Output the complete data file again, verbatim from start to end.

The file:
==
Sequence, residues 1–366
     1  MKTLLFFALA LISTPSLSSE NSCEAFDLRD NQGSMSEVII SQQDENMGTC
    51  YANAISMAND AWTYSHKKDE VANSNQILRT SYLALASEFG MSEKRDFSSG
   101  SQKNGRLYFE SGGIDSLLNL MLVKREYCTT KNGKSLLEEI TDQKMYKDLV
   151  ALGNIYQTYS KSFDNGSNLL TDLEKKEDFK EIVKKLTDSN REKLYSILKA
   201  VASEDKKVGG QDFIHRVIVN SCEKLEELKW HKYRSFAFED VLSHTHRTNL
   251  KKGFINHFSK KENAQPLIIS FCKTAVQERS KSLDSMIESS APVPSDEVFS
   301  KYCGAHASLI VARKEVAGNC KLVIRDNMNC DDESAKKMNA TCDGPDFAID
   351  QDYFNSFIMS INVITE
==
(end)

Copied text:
Sequence, residues 1–366
     1  MKTLLFFALA LISTPSLSSE NSCEAFDLRD NQGSMSEVII SQQDENMGTC
    51  YANAISMAND AWTYSHKKDE VANSNQILRT SYLALASEFG MSEKRDFSSG
   101  SQKNGRLYFE SGGIDSLLNL MLVKREYCTT KNGKSLLEEI TDQKMYKDLV
   151  ALGNIYQTYS KSFDNGSNLL TDLEKKEDFK EIVKKLTDSN REKLYSILKA
   201  VASEDKKVGG QDFIHRVIVN SCEKLEELKW HKYRSFAFED VLSHTHRTNL
   251  KKGFINHFSK KENAQPLIIS FCKTAVQERS KSLDSMIESS APVPSDEVFS
   301  KYCGAHASLI VARKEVAGNC KLVIRDNMNC DDESAKKMNA TCDGPDFAID
   351  QDYFNSFIMS INVITE